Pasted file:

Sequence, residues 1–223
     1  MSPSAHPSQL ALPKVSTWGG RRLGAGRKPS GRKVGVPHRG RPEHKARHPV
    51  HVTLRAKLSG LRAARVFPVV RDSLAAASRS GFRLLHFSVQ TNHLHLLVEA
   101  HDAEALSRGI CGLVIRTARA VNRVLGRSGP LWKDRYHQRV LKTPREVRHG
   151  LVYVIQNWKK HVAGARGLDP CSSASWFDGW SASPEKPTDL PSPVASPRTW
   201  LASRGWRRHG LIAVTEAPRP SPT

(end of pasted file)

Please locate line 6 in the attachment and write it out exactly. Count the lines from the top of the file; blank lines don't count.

   201  LASRGWRRHG LIAVTEAPRP SPT